That’s actually an interesting question. Although kissing can certainly spread the disease, the idea of kissing and then contracting the virus from the virus itself is a bit of a stretch. I’m not talking about kissing a person here. I mean, I’m not exactly sure what the virus does to a human, but I do know that kissing a person is definitely not enough to get it.
Thats what the research team at the Center for Disease Control and Prevention (CDC) tells us, anyway. The report was actually published in the peer-reviewed journal “AIDS Research and Treatment” in 2007. The research says that kissing (and then being infected from the virus) is “not a prerequisite for being infected with herpes simplex virus.” It is, however, a factor in how susceptible you are to getting the virus.
Kissing or kissing with someone, even if you dont know that person, is a great way to get herpes, but you need contact with both skin and mucous membranes. And you don’t have to know it’s herpes. The CDC says kissing without any previous exposure to the virus is not a necessity for infection with herpes.
Also, kissing is one of those things that can give you herpes. The CDC says kissing with someone who has the virus or who is infected with it could cause transfer of the virus to an uninfected person. However, they also say that kissing without the virus is not a necessary condition for the infection.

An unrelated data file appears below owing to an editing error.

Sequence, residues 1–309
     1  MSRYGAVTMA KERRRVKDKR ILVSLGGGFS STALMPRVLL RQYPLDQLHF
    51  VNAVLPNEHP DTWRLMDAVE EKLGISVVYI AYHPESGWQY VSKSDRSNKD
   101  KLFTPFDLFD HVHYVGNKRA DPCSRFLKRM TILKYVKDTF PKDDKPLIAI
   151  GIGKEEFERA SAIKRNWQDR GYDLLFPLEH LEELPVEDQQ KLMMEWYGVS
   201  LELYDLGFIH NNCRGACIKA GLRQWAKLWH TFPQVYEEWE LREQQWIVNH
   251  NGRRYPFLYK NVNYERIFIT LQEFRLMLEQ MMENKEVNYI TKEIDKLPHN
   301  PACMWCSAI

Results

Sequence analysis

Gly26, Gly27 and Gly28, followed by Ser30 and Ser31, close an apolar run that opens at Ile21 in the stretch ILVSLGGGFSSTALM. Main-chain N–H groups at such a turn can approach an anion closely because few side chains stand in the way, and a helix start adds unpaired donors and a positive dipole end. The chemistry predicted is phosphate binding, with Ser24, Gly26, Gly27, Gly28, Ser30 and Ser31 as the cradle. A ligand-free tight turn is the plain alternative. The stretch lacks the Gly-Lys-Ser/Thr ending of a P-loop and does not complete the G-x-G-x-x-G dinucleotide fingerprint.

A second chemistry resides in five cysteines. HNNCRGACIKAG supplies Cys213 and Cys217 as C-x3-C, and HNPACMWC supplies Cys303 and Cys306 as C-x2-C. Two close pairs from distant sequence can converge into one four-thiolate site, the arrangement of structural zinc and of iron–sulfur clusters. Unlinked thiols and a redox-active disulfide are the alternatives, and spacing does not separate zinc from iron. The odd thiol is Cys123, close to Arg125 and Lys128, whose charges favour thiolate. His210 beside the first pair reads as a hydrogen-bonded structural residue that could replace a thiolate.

According to the CDC, the virus can be transferred through kissing, but it needs to be a kiss between two persons who have had a sufficient amount of time together to be considered a kiss. It is also true that kissing without the virus can be a risk factor for contracting herpes. However, it is still far less risky than other risk factors like touching an infected person with the virus or having sex without a condom.
The CDC notes that kissing without a virus is not a good idea for you, but that kissing with a virus is a good idea. Kissing with a virus increases your risk of getting herpes. The CDC adds that kissing is a risk factor for contracting herpes, but that it is a risk factor for other diseases as well.
The good news is that herpes is a small risk factor for contracting other diseases, so there is no reason you can’t kiss without a virus. The bad news is that kissing without a virus increases the risk of contracting other diseases. For example, if you have herpes, there’s a chance you might contract other diseases like gonorrhea, chlamydia, or herpes simplex. This is because kissing with a virus increases your risk of contracting and spreading diseases like these.
While it’s true that herpes is a small risk factor for contracting other diseases, it also is a small risk factor for contracting HIV. If you have herpes, you’re also probably also at higher risk of contracting HIV from a casual sexual encounter.
This is also true for chlamydia and other STDs. If you have genital herpes and you have a sexual encounter with a person with an STD, there is a very small chance you might contract other STDs like gonorrhea, chlamydia, genital herpes, and herpes simplex.
For those of you wondering, yes, herpes is a small risk factor for contracting HIV and AIDS. Although it is a small risk factor, there is a higher risk of contracting HIV from casual sex with someone who has herpes. If you have herpes, you may also be at a higher risk of contracting HIV from a casual sexual encounter.